It is time to move on to other schools. Something strange happened while I was preparing the applications. The schools seem to be re-arranging themselves. Initially, I was not interested in Stanford. I was enamored by HBS and INSEAD. Well, am I glad that I am applying to Stanford. Anyway, this is all about Harvard for now, so I will not derail the topic.

Well, I chose to use the image up there because it converges my dream school with the most successful manager of my favorite football team, Manchester United. I have completed the first major task of 2014. Time to go and eat that sumptuous New Year breakfast that my wife cooked, sleep, and then watch Manchester United take on Tottenham Hotspur later in the day. It is going to be a touch match. Tottenham has historically given us loads of headache, and I suspect it is going to be a cracking match after Andrea Villas Boas was sacked, and the new coach has developed some serious attacking instincts.

Watching the deadlines

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The deadlines are here! They are less than 10 days away now!

Harvard: January 6, 2014
Wharton: January 7, 2014
Stanford: January 8, 2014

Whew!

I thought it was going to be an easy ride after getting the transcript and submitting the INSEAD applications at the nick of time. It was not been so. Now, I need to manage people. I have to keep nudging my recommenders. Luckily, I have one who is always on point; in fact, he has often been ahead of me on a few occasions. I guess that is what business school is all about. You get to fight deadlines every now and then. You have to keep pushing people to do what they have delegated them to do, including your bosses.

There are so many variables that come up for consideration.

Okay! Now putting pen on paper, rather putting fingers to keyboard has given me an idea of what to do to push for this.

So, I am too busy to complete my rambling. I will be back.

Hiring a Consultant

To hire a consultant or not?

I was stumped with hiring a consultant initially. After taking a stroll around the web, looking up the costs of hiring a consultant and all, I was scared by the total costs of getting one. I mean this thing runs into thousands of dollars. The thought of shelling out one month salary per school just to hire someone to brush up your essays was daunting. My excel spreadsheet told me that I would have to sacrifice four months salaries on consultants to help me apply to my four selected schools. Then how would I live? It looked like my personal government would have to shut down for four months, but the problem is that I can only attend one school, not four.

I happen to be a member of the most popular forums for MBA candidates, GmatClub.Com and BeatTheGMAT.Com. There is so many information on those websites that one can actually get confused about the whole application process. The loads of information is so much that several contradictions about a simple issue abound. Some of the admission consultants on the forums makes it look like you need not apply to some of these business schools if you don’t score a 780 on the GMAT or get a GPA of 3.99. They also sometimes make you feel like you have no chance if you don’t discover a cure for cancer or win an Olympic medal. Then occasionally, an average guy will pop out of nowhere and post on how he was able to get into Harvard with a 690 GMAT score or into Wharton with a GMAT of 660. That pretty much clinched it for me that I might need to hire a consultant so that I don’t end up getting confused in the process. This also became much more important because there is nobody around me who is applying to a business school anyway.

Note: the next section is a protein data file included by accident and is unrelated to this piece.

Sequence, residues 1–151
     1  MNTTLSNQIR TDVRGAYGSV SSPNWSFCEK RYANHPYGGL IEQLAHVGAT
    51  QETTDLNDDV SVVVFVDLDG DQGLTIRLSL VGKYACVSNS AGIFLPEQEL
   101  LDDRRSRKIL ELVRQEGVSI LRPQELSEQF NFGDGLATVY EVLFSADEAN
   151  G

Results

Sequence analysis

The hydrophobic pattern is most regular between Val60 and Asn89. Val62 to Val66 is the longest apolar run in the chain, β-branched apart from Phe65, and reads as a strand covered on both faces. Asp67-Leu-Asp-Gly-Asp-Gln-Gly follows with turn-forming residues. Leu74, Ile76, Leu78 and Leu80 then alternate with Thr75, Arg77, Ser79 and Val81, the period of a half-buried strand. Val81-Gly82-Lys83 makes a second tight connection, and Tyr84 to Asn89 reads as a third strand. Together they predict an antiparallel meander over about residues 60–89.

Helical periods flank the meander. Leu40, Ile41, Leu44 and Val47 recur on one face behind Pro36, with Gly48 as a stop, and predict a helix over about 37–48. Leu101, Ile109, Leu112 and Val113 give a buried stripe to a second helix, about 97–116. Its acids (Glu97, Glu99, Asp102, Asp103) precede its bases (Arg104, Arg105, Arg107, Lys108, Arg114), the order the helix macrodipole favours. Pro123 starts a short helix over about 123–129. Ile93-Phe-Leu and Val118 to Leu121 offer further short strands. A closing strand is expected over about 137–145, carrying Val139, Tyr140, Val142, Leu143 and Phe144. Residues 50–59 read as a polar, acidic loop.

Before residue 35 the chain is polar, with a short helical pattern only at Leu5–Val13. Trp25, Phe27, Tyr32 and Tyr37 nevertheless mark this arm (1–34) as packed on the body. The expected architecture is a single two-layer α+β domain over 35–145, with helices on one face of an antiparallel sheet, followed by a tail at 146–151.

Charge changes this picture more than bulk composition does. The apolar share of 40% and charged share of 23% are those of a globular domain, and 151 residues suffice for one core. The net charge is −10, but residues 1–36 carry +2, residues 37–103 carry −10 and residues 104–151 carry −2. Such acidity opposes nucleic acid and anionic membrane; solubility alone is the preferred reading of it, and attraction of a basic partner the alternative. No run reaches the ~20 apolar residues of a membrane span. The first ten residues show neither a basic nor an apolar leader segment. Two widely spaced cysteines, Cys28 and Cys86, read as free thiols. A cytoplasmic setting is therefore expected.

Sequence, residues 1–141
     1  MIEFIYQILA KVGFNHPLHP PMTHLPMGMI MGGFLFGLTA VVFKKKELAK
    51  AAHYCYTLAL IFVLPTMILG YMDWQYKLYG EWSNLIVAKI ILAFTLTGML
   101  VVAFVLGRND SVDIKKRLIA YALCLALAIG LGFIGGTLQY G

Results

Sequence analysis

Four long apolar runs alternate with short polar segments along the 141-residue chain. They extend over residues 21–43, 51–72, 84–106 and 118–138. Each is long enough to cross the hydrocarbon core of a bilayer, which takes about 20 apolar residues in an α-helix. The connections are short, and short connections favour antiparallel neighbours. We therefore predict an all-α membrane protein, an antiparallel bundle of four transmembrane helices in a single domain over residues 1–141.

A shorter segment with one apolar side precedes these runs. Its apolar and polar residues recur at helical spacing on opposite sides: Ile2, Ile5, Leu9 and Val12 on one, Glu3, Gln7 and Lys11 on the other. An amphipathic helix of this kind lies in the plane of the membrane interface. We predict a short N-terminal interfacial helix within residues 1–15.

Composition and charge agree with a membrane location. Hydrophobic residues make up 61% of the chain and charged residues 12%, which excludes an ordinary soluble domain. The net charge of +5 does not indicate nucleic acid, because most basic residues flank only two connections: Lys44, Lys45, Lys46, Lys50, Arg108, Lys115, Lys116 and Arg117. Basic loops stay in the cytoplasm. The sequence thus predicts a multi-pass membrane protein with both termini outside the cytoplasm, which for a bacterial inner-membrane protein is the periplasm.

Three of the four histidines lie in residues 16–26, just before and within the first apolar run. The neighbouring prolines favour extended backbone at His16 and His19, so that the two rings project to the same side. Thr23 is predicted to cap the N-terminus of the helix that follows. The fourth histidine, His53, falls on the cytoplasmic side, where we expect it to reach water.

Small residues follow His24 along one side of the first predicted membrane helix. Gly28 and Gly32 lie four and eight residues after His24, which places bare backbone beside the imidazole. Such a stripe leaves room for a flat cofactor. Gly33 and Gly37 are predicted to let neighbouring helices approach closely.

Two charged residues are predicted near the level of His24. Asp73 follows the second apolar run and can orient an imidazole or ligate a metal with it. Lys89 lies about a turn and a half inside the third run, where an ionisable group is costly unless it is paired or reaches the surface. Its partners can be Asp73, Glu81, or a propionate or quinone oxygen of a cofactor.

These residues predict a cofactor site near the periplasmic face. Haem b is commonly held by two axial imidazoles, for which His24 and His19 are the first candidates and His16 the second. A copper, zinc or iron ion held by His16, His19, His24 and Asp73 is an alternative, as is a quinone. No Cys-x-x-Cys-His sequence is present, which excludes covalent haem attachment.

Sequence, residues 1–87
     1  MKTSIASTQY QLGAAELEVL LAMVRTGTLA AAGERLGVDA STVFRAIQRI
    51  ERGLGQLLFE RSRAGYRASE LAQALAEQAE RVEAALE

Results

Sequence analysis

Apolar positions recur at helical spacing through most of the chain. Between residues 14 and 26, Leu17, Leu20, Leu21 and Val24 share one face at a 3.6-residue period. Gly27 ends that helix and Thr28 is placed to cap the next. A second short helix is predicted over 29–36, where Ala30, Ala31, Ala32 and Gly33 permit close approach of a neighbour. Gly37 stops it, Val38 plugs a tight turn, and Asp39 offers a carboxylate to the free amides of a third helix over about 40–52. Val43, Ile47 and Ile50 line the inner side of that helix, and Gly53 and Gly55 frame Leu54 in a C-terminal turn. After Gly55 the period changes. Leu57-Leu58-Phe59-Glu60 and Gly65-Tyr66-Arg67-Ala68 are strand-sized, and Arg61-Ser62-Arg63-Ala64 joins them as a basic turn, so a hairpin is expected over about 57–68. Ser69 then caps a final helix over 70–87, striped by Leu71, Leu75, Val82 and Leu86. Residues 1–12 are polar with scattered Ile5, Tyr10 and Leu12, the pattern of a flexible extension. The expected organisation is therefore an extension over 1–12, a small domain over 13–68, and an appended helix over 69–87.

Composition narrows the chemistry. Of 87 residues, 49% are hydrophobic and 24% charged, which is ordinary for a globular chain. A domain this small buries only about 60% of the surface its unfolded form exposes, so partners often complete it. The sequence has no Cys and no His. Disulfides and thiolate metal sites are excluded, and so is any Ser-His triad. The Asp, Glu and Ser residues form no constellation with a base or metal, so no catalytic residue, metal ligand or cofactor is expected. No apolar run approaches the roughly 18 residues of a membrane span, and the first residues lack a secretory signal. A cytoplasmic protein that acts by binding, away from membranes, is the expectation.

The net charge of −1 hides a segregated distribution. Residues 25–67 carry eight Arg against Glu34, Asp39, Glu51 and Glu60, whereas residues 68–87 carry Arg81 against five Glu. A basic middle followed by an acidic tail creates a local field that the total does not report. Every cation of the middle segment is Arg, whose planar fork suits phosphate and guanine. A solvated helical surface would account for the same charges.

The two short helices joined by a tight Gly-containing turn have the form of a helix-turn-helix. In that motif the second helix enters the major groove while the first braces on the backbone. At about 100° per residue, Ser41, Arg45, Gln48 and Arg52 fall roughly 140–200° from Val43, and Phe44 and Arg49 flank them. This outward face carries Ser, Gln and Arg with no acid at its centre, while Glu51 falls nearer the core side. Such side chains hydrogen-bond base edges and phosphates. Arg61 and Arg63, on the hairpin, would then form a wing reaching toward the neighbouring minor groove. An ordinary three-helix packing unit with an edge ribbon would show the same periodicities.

After discussing my concerns with my boss, who by the way has agreed to act as a recommender for all four schools and any other one I might be interested in, told me about a Nigerian consultant, who had once been a member of the admissions committee in Harvard Business School. He had not met her before but he told me about her company, Expartus, and her book, The Best Business Schools Admissions’ Secrets. He believed that she would be a very good resource in helping me bridge the cultural gap between me and the schools I am interested in.

Now to get in touch. I was still brooding on how to best get across to her when some guys from a private equity firm who wanted us to invest in their upcoming fund walked into my office on one fine sunny day. One of them happened to be an HBS graduate and his surname looked really familiar. I gave him a call a week after they visited my office and surprise surprise, he was related to the CEO of Expartus! That was when I knew the stars were lining up for me.

And that was how I hired a consultant. Oh well, it is still expensive though but at least my government will not have to shutdown because I can actually spread out my payment and I will have to sacrifice only two months salary. After working with her for a few weeks, I feel that it was worth it after all.